Home Sweet Home Part Five
A Tracy Gayle mystery
By Trish Hubschman
“Breaking news,” Danny said as I came across the threshold into the house. “Judy’s cleaning lady was brought down to the police station for questioning. Johnson called a little while ago.”
I deposited my shoulder bag and jacket on an easy chair in the living room, then turned back to Danny. “What grounds did they take her in on?” I asked.
Danny didn’t miss a beat. “Her fingerprints were on the sliding glass door in back and she was in the house shortly before Judy returned from Florida.”
I’d started walking toward the kitchen. A wonderful smell was wafting out from there. I stopped abruptly and turned. “Neither makes sense. Why would she have gone to Judy’s house days before her employer was to return? Nobody’s lived in the house for four months. There’s no dirty laundry to do or dishes to wash,” I said. “And why use the back door?”
Danny shrugged, though he had an answer. “she says some guy named, Carl Shepherd, asked her to stop by and check out the house before Judy got home. He probably told her to use the back door.”
I was absorbing those two bits of information. “I bet his fingerprints were everywhere in the house,” I said a bit more dryly than I’d intended to.
Danny nodded. “Yep, and he’s got a criminal record too, arrested twice for petty theft,” he said. My eyes widened. “Who is this guy?”
I was walking and talking. I pushed through the swinging door into the kitchen. There were two simmering pots on the stove. I headed that way. “Carl is Vicky Crenshaw’s live-in boyfriend. He’s been keeping an eye on Judy’s place while she was away, not Vicky so much,” I added. Danny grunted.
“Tell me more about the cleaning lady? What was her impression when she went into the house?” I was staring down at spaghetti in one pot and the other was tomato sauce and meatballs.
He stretched himself up to his six-foot-three height. “She was spooked. Said the place seemed to be neater then when she had last been in it the previous autumn,” Danny said. My eyes narrowed. “Then she went into the bedroom.”
I jumped in to finish the statement. “And the dresser drawer was open?”
Danny nodded. “What was in that drawer anyway that was so special?” he asked.
I told him what Vicky had said earlier. “But it doesn’t fly. Edward C left Judy. It was a bitter divorce. There’s no reason she would keep his things in her underwear drawer,” I said. Danny nodded. I reached for the cabinet over the stove and opened it. “let’s go into the dining room, have dinner and swap notes about our day.”
That’s what we did.
Danny had an enjoyable day in the city with his family. “I stopped at my agent’s office before going to Blair’s place,” he said. “Gary wants me to audition for a Broadway musical next week.”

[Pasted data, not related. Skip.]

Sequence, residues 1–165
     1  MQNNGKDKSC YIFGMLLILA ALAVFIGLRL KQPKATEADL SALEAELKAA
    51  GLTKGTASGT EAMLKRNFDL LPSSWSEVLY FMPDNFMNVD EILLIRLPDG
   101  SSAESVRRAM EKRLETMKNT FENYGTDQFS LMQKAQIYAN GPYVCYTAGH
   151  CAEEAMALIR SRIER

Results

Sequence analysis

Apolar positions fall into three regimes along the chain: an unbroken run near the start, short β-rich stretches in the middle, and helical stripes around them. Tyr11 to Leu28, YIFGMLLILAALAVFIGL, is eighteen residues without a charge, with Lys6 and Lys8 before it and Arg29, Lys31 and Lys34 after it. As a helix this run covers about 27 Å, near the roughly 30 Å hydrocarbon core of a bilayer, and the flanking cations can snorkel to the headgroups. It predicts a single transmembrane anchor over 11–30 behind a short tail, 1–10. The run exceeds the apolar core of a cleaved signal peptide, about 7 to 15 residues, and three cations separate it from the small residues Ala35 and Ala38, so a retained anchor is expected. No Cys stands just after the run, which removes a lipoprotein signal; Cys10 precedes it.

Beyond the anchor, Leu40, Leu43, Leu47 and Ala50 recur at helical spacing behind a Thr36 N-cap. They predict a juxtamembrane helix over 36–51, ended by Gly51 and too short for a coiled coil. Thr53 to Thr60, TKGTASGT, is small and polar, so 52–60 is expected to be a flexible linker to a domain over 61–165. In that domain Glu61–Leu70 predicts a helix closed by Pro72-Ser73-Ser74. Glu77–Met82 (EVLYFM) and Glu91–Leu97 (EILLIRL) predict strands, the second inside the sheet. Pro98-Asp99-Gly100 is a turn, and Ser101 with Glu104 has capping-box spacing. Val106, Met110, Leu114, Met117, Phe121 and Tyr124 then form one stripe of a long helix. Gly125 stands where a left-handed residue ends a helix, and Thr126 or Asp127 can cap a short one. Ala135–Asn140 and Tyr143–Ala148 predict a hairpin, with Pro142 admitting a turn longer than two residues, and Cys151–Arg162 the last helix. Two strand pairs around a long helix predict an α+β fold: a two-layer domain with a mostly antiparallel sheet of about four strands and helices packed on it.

Excitement rose in me. “That’s wonderful, Danny. You’ll be fantastic,” I said. “What’s the play about?”
He shrugged. “Don’t know. I haven’t read the script yet,” he replied. “Honestly, I never thought of trying my hand at acting, but heck, it might be fun.”
“And it will keep you in one place for a while. That will be good for your health,” I said. Danny made a face. “I’ll go with you next week,” I offered.
“You’re handling a case, remember?” he said.
I waved my hand dismissively. “I’m sure it will be wrapped up by then,” I replied. “It has to be. We’re running out of time.” This brought us back to discussing the suspect list. We ruled out Judy and Vicky. Either could have lost or stolen the ring years ago for financial gain. And the cleaning lady was used as a decoy. That left Carl Shepherd and/or Edward Crenshaw. “I want to do some digging, find out what I can about both men,” I said.
It was after ten at night. I was sitting in bed, the script to the play Danny would be auditioning for open on my lap. It was Danny’s story, about a musician who was taking a break and decided to try his hand at something different. Danny was in front of the mirror, brushing his hair. My cell phone rang. It was on the dresser. Danny picked it up, said something into it and tossed it on the bed.
“The detective,” he said, then walked out of the room.
I stared after him. I didn’t understand the reason for his curtness. I put the phone to my ear.
“Yeah, Johnson, what’s up?” I spoke.
My cop friend sounded excited. “I’m trying to get a search warrant for Carl Shepherd’s place based on the cleaning lady’s interview,” he replied. “Doubt I’ll get it tonight, but when I do, do you want to go with me?”
I did and I told him so. “Do you think you’ll find Judy’s stolen jewelry at her daughter’s apartment?” I loved asking questions like that.
“Probably not,” he replied. “Thieves usually unload the merchandise fast, but it doesn’t hurt to try.”
He had a good point. “Okay, count me in. Let me know when you get the warrant and I’ll be with you.”
Johnson disconnected the call. Danny came back into the room. He got into bed, flipped off the light and rolled onto his side.
to be continued
Trish Hubschman is the author of the Tracy Gayle mystery book series, Tidalwave, Stiff Competition, Ratings Game, and uneasy Tides. Tracy is a Long Island private detective. Her sidekick, Danny Tide, is the leader of the rock band Tidalwave. Tracy is hired to find out who set fire to the band’s summer tour bus. This leads to deeper, darker things.
Trish is a graduate of Long Island University’s Southampton Campus and has a bachelor’s degree in English-Writing. She is deafblind and lives in Pennsylvania with her husband, author Kevin Hubschman, and their dog, henry.
Her website is www.dldbooks.com/Hubschman/
patricia hubschmanFebruary 2, 2022
Part 5 is my favorite of the story. Tracy and Danny are bouncing ideas off each other. I love the easy rapport between them.
Patty FletcherFebruary 2, 2022
Hi, yes, this is a good one.
We look forward to more.